§ Lord APSLEY
asked the Secretary of State for the Colonies who were the Assyrian officers and other ranks who have signified a desire to be released from further service in Iraq; what are the numbers of these troops and what are their grievances; and whether this force is officered by British officers or not?
§ Sir P. CUNLIFFE-LISTER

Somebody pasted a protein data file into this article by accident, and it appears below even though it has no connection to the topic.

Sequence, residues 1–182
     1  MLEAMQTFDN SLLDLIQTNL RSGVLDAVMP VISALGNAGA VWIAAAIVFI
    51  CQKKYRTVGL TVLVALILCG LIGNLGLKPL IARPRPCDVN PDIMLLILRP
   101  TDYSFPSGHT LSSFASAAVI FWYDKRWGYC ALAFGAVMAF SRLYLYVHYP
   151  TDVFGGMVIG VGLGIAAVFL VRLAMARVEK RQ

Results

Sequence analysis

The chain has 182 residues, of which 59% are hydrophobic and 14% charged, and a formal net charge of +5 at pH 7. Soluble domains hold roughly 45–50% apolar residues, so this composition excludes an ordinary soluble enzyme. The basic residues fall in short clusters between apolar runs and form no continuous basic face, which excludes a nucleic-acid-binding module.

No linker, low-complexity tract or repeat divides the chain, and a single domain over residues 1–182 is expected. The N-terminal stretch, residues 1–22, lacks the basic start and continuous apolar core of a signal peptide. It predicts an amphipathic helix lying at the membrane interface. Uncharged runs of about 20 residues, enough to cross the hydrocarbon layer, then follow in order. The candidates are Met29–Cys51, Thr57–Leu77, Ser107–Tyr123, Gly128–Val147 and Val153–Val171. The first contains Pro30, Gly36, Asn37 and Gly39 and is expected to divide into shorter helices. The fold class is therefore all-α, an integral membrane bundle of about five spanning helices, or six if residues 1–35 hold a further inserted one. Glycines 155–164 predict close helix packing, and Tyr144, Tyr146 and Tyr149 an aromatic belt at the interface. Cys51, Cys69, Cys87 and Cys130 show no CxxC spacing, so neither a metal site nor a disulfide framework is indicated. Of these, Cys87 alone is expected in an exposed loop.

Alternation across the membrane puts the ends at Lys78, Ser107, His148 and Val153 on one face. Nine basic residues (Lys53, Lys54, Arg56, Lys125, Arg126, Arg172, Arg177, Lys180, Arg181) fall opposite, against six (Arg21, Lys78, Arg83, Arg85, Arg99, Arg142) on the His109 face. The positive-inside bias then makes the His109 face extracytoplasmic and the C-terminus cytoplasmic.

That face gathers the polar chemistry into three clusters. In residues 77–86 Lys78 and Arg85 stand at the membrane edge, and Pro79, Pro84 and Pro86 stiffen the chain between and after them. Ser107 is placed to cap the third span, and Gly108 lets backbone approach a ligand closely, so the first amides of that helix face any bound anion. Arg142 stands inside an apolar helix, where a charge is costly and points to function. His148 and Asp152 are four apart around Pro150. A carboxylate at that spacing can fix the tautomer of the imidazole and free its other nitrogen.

I am informed that the native officers of the Assyrian levies, a, force numbering some 1,500, with British officers in senior command, whose principal duty it is to guard the British aerodromes in Iraq, recently signed a memorial stating that they and the rank and file proposed to cease serving on 1st July. Their alleged grievance was that His Majesty's Government had failed adequately to safeguard the future of the Assyrian nation; but it is understood that they were also aggrieved at the proposal to discharge a part of the force. For some time there has been dissatisfaction among certain of the Assyrians in Iraq262W at the impending termination of the British mandate, and this found expression in a number of petitions to the League of Nations, culminating in a demand for the establishment of an autonomous enclave. The Assyrian petition for an autonomous enclave was rejected by the League Council in January last on the recommendation of the Permanent Mandates Commission, and the Assyrians are apparently not satisfied with the guarantees, stringent though they are, for the protection of racial and religious minorities in Iraq which the League Council adopted last May and which the Iraqi Government have now accepted and ratified. I am arranging for copies of Iraq's Declaration of Guarantees to be placed in the Library of the House. The reports which have been received from the High Commissioner during the last few days show that wiser counsels are prevailing, and that the majority of the Assyrian levies have now intimated their willingness to continue serving and to give guarantees of future good behaviour.